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New hydrogen storage mechanism could fuel tomorrow's cars.

Developing a method to safely store, dispense and refuel a vehicle using hydrogen continues to challenge researchers searching for alternative fuels. At the Pacific Northwest National Laboratory (PNNL), scientists are focusing efforts on a storage medium the size of a small pellet.

The medium is solid ammonia borane, or AB, compressed into small tablets. Each milliliter of AB weighs about three-quarters of a gram and harbors up to 1.8 liters of hydrogen. A fuel system using the AB pellets will occupy less space and weigh less than systems using pressurized hydrogen gas, scientists say. That should lead to fuel cell-powered vehicles with the room, range and performance of today's vehicles.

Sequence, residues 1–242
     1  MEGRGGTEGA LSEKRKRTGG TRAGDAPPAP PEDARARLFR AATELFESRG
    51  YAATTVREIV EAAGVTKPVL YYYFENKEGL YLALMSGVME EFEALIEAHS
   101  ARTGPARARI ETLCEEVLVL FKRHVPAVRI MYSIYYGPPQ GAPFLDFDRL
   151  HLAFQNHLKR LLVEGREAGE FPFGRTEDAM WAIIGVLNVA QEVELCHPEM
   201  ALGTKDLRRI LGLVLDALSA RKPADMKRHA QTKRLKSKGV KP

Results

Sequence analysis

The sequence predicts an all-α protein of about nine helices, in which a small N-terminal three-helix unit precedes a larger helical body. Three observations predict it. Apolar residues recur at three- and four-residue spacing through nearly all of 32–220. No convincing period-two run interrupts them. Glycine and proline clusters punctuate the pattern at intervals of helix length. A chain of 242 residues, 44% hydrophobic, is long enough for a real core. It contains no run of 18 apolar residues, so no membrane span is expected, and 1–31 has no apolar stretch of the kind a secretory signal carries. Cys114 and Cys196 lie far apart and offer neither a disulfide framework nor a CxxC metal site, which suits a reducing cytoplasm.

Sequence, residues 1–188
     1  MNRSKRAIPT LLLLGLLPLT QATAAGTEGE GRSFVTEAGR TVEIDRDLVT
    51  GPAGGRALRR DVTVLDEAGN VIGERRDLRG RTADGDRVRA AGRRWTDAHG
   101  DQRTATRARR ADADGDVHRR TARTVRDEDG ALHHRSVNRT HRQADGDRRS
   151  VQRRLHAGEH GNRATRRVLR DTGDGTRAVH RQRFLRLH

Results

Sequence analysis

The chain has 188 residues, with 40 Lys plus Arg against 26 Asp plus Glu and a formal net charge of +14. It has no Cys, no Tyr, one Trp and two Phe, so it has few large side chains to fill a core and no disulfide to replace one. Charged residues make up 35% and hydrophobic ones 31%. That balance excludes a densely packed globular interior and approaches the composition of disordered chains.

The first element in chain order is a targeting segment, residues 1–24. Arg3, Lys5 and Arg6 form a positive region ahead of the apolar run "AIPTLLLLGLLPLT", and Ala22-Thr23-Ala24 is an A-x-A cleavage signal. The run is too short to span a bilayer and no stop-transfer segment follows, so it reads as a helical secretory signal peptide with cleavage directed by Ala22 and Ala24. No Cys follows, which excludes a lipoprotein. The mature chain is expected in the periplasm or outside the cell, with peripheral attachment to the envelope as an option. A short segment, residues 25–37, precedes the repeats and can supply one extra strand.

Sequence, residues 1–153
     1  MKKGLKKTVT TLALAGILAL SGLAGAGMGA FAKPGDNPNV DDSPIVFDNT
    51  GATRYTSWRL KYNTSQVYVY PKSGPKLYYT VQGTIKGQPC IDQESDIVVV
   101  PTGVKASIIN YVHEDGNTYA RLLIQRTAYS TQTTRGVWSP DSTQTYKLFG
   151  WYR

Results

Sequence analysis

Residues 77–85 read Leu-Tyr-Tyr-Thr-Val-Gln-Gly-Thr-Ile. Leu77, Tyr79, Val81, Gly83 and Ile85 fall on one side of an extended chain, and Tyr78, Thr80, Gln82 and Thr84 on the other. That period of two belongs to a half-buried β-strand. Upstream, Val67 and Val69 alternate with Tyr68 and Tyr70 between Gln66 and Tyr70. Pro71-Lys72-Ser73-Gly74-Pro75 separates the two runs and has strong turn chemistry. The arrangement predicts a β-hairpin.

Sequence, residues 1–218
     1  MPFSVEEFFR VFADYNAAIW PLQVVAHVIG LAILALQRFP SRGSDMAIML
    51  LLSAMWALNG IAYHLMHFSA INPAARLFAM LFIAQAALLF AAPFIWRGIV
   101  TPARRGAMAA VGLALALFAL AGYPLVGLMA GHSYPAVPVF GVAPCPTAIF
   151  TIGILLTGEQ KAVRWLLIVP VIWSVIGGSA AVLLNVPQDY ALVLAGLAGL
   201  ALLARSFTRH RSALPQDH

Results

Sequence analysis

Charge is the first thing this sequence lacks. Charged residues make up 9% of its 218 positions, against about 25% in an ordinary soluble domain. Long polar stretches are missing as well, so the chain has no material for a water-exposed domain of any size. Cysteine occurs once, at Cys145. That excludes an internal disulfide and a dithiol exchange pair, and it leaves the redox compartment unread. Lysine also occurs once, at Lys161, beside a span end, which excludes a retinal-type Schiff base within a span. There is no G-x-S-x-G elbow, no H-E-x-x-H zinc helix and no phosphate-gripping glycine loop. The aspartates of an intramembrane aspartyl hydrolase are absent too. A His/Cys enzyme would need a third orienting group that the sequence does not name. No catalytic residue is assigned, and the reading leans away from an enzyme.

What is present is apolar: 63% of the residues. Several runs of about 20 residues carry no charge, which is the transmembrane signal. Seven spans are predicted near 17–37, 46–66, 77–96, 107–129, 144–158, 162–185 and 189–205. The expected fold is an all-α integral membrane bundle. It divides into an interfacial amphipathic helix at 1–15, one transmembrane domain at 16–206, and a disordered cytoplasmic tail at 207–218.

Research continues. PNNL scientists are learning to manipulate the release of hydrogen from AB at predictable rates, aiming to control the production of hydrogen much like a gas pedal feeds fuel to a vehicle's combustion engine.

"The refueling method requires chemically digesting or breaking down the solid spent fuel into chemicals that can be recycled back to AB with hydrogen," explains PNNL scientist Don Camaioni.

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